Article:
The game has recently had a bit of a spring clean, and in order to give it a more permenant home, we’ve uploaded to a new source repository in github. The source is arranged in three libraries, a core lib containing all shared assets and logic, and two FB projects for mobile and web publishing respectively. Instructions for installation can be found in the README.md file.
The game itself plays very similar to the existing Invawayders demo bundled in the Gaming SDK, however this version has a couple of significant updates to it’s code architecture:
- The game loop is now managed by the Ash framework, an extremely clean and flexible entity framework for AS3
- The required Away3D version is has been updated to 4.1 Alpha, taking advantage of some of the new particle APIs
The live versions of the game have also been updated, these can be found in the following locations for each respective platform:
- Google Play: https://play.google.com/store/apps/details?id=air.invawayders&hl=en
- Apple iTunes: https://itunes.apple.com/gb/app/invawayders/id566559602?mt=8
- Facebook: http://apps.facebook.com/invawayders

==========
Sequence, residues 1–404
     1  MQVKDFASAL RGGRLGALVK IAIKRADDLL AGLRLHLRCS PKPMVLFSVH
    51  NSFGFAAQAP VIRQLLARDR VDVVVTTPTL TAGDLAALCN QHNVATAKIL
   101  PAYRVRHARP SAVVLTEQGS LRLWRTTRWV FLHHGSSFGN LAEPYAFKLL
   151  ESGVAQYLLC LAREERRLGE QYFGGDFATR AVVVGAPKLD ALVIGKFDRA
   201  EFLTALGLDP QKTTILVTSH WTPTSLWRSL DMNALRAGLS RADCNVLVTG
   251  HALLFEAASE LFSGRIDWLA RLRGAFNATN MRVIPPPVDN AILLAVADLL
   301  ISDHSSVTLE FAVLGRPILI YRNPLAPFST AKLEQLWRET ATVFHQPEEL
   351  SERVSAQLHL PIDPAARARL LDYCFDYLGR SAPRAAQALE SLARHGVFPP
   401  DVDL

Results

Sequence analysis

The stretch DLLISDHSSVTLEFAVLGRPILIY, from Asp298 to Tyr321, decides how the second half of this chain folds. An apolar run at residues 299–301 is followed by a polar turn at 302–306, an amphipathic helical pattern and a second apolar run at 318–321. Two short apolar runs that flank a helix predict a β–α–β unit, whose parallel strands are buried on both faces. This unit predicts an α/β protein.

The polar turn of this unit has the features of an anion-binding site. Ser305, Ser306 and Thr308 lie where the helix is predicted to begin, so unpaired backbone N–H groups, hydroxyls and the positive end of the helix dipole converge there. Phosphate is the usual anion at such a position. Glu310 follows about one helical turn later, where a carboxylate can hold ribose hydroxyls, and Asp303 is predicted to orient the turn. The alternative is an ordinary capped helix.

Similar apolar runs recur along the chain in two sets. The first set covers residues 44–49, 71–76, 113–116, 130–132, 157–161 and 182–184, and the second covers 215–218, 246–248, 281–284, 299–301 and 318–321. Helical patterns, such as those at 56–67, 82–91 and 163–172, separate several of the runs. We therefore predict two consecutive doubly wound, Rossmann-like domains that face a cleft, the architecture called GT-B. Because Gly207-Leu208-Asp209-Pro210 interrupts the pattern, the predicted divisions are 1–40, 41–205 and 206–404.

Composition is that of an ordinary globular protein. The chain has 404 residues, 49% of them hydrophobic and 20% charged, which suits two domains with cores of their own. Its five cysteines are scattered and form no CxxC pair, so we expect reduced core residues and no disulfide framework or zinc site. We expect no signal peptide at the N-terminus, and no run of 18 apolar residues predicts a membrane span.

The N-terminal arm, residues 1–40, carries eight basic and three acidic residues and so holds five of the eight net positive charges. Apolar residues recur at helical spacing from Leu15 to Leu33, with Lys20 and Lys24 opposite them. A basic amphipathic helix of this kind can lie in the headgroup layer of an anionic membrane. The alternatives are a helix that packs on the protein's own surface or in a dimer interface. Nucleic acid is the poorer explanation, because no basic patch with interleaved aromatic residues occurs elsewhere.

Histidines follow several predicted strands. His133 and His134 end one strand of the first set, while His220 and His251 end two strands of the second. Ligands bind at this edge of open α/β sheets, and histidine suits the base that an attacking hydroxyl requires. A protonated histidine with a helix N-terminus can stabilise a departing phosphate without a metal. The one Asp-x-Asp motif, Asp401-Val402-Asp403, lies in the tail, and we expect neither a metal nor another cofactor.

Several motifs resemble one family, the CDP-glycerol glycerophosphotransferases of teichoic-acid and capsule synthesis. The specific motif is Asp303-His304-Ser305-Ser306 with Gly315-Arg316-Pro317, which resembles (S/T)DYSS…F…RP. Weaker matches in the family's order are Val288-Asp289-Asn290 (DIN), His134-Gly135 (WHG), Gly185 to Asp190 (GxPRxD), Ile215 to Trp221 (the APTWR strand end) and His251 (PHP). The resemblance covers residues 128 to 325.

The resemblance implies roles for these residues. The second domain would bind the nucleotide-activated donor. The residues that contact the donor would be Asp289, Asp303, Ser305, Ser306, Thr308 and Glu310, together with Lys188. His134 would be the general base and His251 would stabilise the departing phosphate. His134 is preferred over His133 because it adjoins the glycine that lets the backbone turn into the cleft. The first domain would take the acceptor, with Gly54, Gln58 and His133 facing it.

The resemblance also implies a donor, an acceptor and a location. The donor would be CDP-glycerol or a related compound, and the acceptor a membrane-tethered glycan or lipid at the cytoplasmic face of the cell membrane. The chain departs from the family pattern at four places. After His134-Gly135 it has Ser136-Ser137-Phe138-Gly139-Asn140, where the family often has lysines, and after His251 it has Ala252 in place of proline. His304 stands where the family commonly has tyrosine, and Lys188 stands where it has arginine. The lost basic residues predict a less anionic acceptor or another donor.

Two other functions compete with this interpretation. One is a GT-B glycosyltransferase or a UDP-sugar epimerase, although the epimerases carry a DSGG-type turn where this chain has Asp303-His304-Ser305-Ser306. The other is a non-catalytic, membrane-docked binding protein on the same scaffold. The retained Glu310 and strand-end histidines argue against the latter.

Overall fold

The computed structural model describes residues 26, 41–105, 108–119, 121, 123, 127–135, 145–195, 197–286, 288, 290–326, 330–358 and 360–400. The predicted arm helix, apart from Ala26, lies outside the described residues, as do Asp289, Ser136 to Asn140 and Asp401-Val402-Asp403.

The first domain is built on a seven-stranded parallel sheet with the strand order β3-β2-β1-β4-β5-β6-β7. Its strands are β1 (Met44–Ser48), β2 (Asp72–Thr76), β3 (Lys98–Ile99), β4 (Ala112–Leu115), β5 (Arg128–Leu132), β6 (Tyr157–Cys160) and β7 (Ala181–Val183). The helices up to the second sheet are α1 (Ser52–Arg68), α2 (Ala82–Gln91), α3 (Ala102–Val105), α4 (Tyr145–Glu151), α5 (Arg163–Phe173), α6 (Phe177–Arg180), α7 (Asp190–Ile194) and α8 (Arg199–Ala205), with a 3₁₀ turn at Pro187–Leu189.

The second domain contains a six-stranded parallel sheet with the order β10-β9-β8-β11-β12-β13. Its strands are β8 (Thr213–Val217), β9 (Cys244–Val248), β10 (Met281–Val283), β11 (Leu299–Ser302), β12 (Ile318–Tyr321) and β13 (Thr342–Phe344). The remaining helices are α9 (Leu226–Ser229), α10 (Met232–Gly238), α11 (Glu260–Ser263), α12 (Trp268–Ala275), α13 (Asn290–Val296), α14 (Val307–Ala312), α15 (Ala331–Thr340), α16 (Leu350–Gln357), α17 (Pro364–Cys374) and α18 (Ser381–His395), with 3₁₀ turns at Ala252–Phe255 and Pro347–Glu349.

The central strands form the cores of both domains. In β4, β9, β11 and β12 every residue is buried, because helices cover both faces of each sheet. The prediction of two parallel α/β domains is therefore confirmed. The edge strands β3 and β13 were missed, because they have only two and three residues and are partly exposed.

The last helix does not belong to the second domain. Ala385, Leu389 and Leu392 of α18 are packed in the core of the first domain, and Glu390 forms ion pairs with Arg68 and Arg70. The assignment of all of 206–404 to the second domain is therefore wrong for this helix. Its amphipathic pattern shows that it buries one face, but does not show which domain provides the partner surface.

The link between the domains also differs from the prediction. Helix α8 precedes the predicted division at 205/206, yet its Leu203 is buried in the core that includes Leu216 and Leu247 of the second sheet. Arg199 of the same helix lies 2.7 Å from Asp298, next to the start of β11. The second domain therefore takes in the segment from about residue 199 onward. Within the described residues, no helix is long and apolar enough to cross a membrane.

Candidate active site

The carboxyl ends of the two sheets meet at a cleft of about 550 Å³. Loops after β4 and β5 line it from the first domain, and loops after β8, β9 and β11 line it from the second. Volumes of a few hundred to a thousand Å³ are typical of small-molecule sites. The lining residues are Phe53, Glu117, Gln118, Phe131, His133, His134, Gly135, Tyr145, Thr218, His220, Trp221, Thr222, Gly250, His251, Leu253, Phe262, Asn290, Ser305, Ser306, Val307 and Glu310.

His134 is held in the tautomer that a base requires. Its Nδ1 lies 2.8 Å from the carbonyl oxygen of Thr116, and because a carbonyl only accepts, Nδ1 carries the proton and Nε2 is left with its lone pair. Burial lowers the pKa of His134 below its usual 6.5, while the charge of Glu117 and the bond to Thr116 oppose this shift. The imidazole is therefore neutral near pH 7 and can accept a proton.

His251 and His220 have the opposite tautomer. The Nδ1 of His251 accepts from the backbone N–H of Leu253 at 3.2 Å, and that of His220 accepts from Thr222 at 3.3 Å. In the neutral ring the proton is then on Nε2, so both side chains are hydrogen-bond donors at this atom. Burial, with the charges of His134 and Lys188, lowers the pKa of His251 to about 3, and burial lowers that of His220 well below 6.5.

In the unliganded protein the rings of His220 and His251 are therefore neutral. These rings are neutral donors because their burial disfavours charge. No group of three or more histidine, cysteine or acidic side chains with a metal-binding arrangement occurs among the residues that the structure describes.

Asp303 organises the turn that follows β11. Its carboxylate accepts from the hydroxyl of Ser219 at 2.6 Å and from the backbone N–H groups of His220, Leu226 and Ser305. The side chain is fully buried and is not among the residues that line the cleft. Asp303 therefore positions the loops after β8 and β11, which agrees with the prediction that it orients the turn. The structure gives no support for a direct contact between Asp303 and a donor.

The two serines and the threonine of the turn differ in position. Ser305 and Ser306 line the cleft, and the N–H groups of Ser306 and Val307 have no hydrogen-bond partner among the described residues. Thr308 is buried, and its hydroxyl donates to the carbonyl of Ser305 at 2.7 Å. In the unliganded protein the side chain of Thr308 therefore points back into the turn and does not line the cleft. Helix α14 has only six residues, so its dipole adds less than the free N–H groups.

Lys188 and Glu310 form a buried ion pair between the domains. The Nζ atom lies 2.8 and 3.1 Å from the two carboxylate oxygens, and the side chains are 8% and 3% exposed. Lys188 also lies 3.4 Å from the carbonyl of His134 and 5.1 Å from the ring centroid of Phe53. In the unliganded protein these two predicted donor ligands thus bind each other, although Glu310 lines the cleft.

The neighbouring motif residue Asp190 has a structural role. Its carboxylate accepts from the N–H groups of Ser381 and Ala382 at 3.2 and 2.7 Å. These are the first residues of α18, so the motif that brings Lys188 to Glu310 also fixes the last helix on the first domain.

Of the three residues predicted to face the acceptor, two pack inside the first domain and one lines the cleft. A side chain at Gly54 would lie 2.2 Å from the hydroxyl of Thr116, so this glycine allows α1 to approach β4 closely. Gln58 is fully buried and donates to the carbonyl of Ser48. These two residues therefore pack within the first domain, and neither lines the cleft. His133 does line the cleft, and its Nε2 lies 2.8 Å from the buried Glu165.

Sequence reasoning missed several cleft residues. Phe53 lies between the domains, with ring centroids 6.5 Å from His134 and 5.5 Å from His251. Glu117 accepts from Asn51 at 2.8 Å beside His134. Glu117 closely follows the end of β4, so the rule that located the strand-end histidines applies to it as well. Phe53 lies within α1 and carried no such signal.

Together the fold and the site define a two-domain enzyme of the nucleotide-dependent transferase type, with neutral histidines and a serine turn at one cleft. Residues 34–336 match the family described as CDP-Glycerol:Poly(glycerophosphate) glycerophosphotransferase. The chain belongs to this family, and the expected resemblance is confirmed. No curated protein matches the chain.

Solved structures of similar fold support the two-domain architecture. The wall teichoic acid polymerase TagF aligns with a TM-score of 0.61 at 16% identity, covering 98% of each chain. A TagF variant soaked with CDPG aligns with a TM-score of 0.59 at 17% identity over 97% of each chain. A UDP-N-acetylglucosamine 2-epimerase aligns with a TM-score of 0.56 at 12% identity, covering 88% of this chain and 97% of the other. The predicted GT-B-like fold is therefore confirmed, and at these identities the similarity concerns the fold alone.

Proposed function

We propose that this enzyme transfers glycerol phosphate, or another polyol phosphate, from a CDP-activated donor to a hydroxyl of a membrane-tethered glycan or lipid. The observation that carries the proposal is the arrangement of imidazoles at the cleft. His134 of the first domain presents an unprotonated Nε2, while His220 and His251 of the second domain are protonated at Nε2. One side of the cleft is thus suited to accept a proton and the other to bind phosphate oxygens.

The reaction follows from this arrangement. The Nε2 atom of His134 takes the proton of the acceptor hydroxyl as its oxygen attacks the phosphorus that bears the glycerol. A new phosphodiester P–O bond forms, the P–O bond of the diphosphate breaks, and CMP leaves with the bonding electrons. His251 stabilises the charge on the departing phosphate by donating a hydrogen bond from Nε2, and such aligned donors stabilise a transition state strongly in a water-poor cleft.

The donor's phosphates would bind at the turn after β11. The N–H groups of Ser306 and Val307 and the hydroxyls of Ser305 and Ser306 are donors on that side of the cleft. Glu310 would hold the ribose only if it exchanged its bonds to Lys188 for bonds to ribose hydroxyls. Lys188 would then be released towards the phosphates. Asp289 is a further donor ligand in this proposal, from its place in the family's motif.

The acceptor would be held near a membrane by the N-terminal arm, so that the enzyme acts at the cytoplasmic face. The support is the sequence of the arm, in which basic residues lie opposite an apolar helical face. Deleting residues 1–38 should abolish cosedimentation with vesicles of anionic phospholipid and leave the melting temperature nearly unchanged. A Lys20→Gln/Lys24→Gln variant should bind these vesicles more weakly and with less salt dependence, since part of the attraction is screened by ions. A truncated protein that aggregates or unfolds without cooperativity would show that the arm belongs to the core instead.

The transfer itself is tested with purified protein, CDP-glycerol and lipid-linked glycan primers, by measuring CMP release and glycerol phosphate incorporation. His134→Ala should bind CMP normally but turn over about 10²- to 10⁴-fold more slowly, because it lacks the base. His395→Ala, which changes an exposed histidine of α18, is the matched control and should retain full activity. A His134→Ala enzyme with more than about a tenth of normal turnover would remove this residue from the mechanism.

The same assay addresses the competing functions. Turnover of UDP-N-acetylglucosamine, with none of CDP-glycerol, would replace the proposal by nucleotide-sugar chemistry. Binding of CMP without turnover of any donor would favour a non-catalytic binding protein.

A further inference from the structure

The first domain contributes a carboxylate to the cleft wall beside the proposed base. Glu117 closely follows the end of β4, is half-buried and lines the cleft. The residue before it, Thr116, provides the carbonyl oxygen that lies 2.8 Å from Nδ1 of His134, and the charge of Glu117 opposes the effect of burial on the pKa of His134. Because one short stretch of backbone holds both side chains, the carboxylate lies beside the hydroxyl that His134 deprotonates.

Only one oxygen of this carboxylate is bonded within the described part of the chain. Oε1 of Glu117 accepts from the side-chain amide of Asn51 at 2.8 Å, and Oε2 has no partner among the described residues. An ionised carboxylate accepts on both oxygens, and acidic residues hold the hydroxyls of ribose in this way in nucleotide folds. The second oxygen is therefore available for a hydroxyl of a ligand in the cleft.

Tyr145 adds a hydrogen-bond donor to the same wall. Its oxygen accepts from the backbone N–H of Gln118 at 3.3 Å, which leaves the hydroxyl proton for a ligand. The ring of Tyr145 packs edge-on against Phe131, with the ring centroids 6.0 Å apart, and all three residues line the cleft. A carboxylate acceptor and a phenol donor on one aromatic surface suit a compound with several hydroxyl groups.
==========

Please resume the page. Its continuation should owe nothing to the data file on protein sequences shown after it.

I am only just getting to grips with Facebook’s new App Center, so it may take a while for me to work out how to link the mobile games from the app page, but according to FB developers, the experience should be “seamless”. At least i finally worked out how to get that “play” button working again on the community page. Info about the game will appear here from now on now when there are any more updates etc, and if we’re really lucky we should be able to get the username shortcut for the page after 25 likes
Would be interested to hear what people thought of the re-architecture. I’m actually quite liking the approach that Ash places on game development, the conversion took a while to get my head around but after a bit of code wrestling, everything seemed to fall neatly into place. Hopefully I’ll be getting a chance to apply Ash to some more Gaming SDK examples in future.